Meta plans new layoffs that could match last year’s

Metaplatforms related to Facebook Inc.

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plans to announce additional layoffs in several rounds over the next few months that, in total, would be about the same magnitude as the 13% reduction in its workforce last year, according to people familiar with the matter.

The new cuts, the first wave of which is expected to be announced next week, are expected to hit non-technical roles particularly hard, the people said. The company is also expected to close some projects and teams alongside these cuts.

Meta cut about 11,000 jobs, or about 13% of its employees, last year. This year’s cuts are expected to reach the same proportion of those remaining, the people said, although the final tally of expected cumulative cuts in the second quarter is still unclear.

Among the projects that will be cut are some wearables that were in the works at Reality Labs, the hardware and metaverse division of Meta, the people said, suggesting a short-term withdrawal from efforts to popularize virtual and augmented reality products, even as longer-term research. efforts continue.

Meta shares rose more than 2% in after-hours trading after the Wall Street Journal announced the planned cuts.

“We continue to look across the business, both in the app family and in the reality labs, and really assess whether we are deploying our resources to the highest leverage opportunities,” said Susan Li, CFO of Meta, at the Morgan Stanley 2023 Technology, Media & Telecom Conference. “It’s going to force us to make tough decisions to end projects in certain places, to divert resources from certain teams.”

Meta chief executive Mark Zuckerberg previously said that 2023 would be a “year of efficiency” at Meta and that some projects would likely be halted at the company.

The continued cuts are notable given Mr. Zuckerberg’s prediction in October that the company would end 2023 with about as many employees as it had at the time. The company laid off 13% of its staff the following month, then sought to encourage further attrition through the performance review process.

Meta CEO Mark Zuckerberg said some of the company’s projects are likely to be halted.


David Paul Morris/Bloomberg News

Tech companies, including Inc.,

Microsoft Corp.

and others have cut thousands of jobs this year and are lasting as profits retreat from pandemic-induced highs. Since 2022, the number of layoffs has reached nearly 300,000 workers, according to, a site that tracks job cuts in the industry. Overall, employment in the information industry remained unchanged between July and January, according to federal data. Total employment increased during this period.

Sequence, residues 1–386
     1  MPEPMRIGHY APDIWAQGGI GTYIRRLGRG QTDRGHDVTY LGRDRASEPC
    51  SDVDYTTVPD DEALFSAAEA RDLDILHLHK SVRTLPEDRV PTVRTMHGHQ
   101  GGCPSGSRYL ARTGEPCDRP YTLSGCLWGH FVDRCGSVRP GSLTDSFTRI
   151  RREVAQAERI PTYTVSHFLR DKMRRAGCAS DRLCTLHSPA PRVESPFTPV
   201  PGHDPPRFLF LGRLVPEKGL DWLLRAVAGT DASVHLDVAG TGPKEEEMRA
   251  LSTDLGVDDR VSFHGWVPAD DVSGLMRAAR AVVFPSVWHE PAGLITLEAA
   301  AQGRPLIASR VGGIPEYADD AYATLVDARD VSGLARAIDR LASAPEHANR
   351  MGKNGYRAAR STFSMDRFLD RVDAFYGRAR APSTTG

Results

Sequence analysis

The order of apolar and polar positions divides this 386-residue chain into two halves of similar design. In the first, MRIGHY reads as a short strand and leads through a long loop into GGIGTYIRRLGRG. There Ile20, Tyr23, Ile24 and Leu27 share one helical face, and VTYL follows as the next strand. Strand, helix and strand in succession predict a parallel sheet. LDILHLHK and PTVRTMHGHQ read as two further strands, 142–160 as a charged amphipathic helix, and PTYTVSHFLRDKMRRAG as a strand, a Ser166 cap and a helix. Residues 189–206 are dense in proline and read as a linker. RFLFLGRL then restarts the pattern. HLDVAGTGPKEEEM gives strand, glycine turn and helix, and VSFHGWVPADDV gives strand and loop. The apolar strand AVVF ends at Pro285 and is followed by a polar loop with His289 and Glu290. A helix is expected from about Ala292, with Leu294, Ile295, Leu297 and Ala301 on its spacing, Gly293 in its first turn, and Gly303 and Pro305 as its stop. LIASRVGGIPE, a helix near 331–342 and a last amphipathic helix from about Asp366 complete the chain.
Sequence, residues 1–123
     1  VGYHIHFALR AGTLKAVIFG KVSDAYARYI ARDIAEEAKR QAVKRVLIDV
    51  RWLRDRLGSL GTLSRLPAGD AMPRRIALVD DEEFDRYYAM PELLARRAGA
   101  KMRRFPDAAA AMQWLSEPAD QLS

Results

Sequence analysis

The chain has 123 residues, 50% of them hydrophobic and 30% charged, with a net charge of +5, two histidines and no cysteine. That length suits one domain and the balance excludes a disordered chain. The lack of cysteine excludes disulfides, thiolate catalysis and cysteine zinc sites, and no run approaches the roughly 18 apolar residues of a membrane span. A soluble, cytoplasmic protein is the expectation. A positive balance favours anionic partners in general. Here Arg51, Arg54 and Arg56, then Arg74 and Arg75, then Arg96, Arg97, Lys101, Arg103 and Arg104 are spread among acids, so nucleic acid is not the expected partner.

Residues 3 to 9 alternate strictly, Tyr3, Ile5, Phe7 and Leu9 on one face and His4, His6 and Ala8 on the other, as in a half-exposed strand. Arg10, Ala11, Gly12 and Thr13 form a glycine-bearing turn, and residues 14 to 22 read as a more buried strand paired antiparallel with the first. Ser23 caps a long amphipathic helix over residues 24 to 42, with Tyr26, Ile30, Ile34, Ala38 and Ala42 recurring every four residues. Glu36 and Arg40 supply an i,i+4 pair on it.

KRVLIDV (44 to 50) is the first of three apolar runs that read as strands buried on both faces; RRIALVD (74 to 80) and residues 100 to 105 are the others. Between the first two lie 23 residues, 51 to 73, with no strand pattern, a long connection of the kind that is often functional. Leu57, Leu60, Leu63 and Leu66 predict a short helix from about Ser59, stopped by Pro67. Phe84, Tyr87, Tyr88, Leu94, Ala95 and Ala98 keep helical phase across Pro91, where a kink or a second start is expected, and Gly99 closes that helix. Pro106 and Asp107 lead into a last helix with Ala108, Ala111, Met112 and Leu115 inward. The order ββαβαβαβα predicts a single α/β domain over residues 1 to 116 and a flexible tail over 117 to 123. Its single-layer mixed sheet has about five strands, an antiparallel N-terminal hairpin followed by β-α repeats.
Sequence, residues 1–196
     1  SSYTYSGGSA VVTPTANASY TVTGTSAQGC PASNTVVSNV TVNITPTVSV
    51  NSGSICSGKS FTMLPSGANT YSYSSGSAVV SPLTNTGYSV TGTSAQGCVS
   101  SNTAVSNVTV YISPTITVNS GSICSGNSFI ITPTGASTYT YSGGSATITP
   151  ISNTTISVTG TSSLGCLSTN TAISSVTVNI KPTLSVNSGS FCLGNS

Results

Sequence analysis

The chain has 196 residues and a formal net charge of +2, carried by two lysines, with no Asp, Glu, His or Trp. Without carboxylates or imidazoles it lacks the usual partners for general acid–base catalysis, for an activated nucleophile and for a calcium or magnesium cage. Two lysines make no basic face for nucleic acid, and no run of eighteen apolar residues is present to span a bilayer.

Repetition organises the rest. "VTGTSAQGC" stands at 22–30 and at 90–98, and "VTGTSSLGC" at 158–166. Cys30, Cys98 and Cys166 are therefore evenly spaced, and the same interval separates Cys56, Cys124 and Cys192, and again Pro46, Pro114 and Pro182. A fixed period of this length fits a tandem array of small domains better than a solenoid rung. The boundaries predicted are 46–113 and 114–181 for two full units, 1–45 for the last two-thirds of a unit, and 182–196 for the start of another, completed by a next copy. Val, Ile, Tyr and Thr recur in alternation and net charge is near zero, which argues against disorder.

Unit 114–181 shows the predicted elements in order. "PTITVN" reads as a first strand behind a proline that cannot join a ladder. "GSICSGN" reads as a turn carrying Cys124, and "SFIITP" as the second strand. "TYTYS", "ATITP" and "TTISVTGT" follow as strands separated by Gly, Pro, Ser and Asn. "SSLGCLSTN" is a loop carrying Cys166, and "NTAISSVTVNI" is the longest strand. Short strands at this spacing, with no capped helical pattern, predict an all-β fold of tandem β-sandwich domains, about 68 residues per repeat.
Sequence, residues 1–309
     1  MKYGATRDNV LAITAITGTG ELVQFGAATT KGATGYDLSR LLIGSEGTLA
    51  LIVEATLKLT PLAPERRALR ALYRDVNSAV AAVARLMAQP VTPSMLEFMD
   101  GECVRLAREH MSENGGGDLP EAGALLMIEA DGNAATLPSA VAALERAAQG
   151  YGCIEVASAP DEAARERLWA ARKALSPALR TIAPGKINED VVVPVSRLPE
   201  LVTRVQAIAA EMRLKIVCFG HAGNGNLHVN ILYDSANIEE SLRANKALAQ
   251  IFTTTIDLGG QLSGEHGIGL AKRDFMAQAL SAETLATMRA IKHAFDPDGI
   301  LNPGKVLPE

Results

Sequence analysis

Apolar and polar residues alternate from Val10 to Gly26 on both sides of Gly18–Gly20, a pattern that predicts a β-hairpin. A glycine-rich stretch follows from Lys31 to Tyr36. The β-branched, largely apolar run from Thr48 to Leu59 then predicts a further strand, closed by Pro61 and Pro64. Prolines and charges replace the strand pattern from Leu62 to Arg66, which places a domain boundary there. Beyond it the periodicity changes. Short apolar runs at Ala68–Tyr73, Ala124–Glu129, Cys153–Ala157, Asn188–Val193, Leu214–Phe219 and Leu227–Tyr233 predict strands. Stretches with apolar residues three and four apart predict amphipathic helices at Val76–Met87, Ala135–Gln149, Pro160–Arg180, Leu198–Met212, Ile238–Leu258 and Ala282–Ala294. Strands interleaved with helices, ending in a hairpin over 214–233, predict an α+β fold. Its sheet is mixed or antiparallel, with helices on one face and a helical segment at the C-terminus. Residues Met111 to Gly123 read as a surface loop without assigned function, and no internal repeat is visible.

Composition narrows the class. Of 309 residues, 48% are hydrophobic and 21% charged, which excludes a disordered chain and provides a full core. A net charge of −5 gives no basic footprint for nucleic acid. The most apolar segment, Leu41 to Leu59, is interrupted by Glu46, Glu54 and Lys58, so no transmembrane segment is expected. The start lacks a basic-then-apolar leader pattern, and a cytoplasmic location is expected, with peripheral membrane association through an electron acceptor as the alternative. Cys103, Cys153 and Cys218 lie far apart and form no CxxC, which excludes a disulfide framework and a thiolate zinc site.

Last year’s cuts marked Meta’s first major restructuring in its history, as it grappled with plummeting digital ad sales and a plummeting share price. The layoffs followed a pandemic-era hiring spree that nearly doubled the company’s workforce to more than 87,000 from the end of 2019 to last September.

Last month, the company reported improving conditions in its underlying business and said it would repurchase an additional $40 billion of shares, helping to rejuvenate investor sentiment.

Meta’s stock has rebounded strongly, more than doubling from last year’s low point in November, although it is still well below its all-time high of over $384 in September 2021.

On Thursday, the company announced internally that it was closing its new product experimentation group. This unit was created in 2019 with the aim of creating new consumer-oriented applications. In an internal post announcing the decision to end NPE, Meta’s Chief Product Officer Chris Cox wrote that the company now has “NPE-like organizations housed directly within our product teams.”

The shutdown was a notable reversal for a rapidly growing team led by Ime Archibong, a highly regarded leader within the company and its most senior black product manager. An internal announcement said Mr. Archibong would become the product manager for Messenger, the company’s messaging app. What will happen to his staff remains an open question, with Mr Cox writing that Mr Archibong would work with his team to integrate staff members ‘into existing workflows across the business wherever we can’ .

Besides closing projects, the company is also streamlining management layers and bringing together teams that focus on the same type of work under one leader. That includes Meta’s marketing and integrity teams, Meta COO Javier Olivan said at the Morgan Stanley conference.

“Then you can just move resources around much faster,” Olivan said. “It just makes you more efficient.”

Bloomberg News earlier reported that Meta was planning another round of layoffs.

Meta will also move many of its offices to so-called shared offices in the coming weeks. Hot desks are office setups where employees use shared workspaces rather than permanently assigned desks or desks, according to people familiar with the matter.

For laid-off employees, severance pay is expected to be about the same as that offered to those who were laid off in November, according to a person familiar with the matter. The package – a minimum of four months’ salary plus seniority-based overtime – was among the most substantial offered in the tech industry’s recent layoffs. In recent days, Meta has worked to set up what is internally referred to as an “Alumni Portal,” a website intended to streamline benefits questions and documents.

Write to Jeff Horwitz at, Salvador Rodriguez at, Sam Schechner at and Newley Purnell at

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